Reply
 
Thread Tools Display Modes
 
Old 02-20-2017, 09:41 PM   #1
Skoolie
 
ourmefa's Avatar
 
Join Date: Dec 2016
Location: Nashville, TN
Posts: 207
Solar heat gain reduction for roof using a cover deck?

I am curious about those who may have a deck installed over their bus or know of those who do have one. How much does having a deck provide solar gain reduction on the roof of the bus?

I would like to make our bus as efficient as possible and it seems that most of the comments I see about skoolies being hot, revolves around the bus not being parked in the shade.

It makes sense to me that a deck over the entire top of the roof would provide a huge thermal break from direct sun. Additionally, it would provide the ability to mount various items like solar panels or a condenser unit from a split system, without having to make any holes in the roof.

I would be interested in thoughts about this. Are there any downsides to adding a roof deck to a bus?
__________________
Family of 4 - Jamie, Mel, Jensen and Maddie (+3 cats) - less than 60 days out from ditching suburbia in a converted school bus.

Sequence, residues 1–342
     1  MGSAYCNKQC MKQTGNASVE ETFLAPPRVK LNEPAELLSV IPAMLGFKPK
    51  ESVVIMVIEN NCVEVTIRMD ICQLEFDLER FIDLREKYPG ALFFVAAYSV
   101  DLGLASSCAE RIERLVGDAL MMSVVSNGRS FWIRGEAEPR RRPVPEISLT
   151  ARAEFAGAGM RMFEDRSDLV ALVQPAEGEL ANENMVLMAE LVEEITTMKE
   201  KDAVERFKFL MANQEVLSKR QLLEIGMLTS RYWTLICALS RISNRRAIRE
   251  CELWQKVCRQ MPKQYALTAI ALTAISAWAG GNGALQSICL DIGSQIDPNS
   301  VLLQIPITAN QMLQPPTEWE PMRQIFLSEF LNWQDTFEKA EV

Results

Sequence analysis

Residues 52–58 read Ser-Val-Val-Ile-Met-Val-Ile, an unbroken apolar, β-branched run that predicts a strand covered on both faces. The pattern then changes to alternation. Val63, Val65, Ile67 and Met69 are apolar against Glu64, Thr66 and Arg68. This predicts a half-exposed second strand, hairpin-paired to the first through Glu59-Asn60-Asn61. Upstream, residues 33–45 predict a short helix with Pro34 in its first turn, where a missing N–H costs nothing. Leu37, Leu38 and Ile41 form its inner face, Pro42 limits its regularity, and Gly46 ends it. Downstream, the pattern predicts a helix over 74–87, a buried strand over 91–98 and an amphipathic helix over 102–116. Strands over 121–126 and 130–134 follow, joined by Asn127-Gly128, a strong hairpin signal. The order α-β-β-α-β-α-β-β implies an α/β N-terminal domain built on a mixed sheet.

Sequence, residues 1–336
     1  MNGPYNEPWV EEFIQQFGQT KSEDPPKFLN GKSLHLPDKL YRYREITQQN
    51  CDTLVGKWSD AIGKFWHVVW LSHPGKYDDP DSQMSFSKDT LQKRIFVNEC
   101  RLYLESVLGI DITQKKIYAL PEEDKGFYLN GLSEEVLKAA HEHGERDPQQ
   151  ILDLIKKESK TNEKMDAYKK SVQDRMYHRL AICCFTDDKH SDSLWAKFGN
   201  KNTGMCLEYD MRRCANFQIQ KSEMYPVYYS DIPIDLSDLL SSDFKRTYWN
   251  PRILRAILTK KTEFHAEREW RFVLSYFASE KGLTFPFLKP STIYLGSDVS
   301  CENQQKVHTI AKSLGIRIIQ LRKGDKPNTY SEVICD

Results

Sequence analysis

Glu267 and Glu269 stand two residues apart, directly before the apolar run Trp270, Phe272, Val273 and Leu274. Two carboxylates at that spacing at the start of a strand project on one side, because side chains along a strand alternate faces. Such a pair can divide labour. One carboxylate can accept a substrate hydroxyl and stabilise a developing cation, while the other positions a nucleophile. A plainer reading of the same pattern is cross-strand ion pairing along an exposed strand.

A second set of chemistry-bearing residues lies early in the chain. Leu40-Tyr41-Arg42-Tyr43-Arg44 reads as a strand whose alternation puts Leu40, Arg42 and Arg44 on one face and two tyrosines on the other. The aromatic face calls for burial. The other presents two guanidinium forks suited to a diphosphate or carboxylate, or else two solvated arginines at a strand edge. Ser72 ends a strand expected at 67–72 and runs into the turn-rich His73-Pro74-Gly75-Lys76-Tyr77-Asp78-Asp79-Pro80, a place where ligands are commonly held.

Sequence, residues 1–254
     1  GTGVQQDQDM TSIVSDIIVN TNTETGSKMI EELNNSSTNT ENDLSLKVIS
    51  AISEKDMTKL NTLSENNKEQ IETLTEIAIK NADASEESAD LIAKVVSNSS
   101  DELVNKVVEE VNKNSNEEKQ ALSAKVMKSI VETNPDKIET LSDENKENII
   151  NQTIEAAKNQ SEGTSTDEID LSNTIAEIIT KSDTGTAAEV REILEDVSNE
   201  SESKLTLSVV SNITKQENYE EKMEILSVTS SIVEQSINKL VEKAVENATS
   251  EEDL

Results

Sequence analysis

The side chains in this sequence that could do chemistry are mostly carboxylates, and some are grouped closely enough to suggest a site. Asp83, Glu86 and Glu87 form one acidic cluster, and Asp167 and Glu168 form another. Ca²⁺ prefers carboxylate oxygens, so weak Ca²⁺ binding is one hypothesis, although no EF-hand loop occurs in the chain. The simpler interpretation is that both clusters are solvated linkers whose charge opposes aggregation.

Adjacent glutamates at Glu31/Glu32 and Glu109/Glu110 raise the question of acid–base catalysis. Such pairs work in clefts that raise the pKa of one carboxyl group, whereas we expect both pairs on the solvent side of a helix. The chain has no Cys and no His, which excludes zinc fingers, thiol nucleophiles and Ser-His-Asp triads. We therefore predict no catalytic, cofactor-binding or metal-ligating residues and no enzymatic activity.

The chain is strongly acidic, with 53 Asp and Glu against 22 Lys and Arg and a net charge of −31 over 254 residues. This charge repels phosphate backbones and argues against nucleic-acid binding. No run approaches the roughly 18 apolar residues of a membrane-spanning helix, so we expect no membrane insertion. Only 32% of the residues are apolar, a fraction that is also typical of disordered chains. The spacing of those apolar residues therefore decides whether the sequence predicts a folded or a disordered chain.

Find us on Facebook-Affiliate Link Disclaimer
ourmefa is offline   Reply With Quote
Old 02-21-2017, 07:17 AM   #2
Bus Nut
 
superdave's Avatar
 
Join Date: Mar 2015
Location: hills of sw virginia
Posts: 758
Year: 1996
Chassis: thomas
Engine: 8.3 cummins
Rated Cap: 11 window
it would probably affect the mpg a little. it would help some being shaded but you would have to shade the whole bus. light hitting the sides/windows is also just as bad. I'm in fl in direct sun now just testing my foam job. I'm very happy with my bus, in hot and cold weather. the side the sun hits is hot, I'm going to have another set of shades made. trying to figure out a little outside canopy I can clip on to shade the windows.
__________________
living in a bus down by the river.
my build pics
https://www.skoolie.net/forums/membe...albums942.html
superdave is offline   Reply With Quote
Old 02-21-2017, 08:30 AM   #3
Bus Geek
 
Tango's Avatar
 
Join Date: Mar 2011
Location: Houston, Texas
Posts: 5,077
Year: 1946
Coachwork: Chevrolet/Wayne
Chassis: 1- 1/2 ton
Engine: Cummins 4BT
Rated Cap: 15
The "second roof" idea works and can make quite a difference. All the old safari Land Rovers employed a standoff roof just above the factory one to allow air flow in between. Basically, you are carrying your own "shade" everywhere you go. And I have had a number of bus converter friends who have gone the roof deck path over the years and they all saw a big difference in what it took to cool their rigs. I am going that route myself.
Tango is offline   Reply With Quote
Old 02-21-2017, 12:53 PM   #4
Almost There
 
Join Date: Aug 2014
Location: Oklahoma
Posts: 82
Year: 1984
Coachwork: Ward/Amtram
Chassis: International 36ft
Engine: DT466 w/ Allison MT643